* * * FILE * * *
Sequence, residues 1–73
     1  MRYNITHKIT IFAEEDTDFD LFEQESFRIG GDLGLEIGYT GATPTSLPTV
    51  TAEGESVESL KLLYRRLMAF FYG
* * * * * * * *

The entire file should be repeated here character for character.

Sequence, residues 1–73
     1  MRYNITHKIT IFAEEDTDFD LFEQESFRIG GDLGLEIGYT GATPTSLPTV
    51  TAEGESVESL KLLYRRLMAF FYG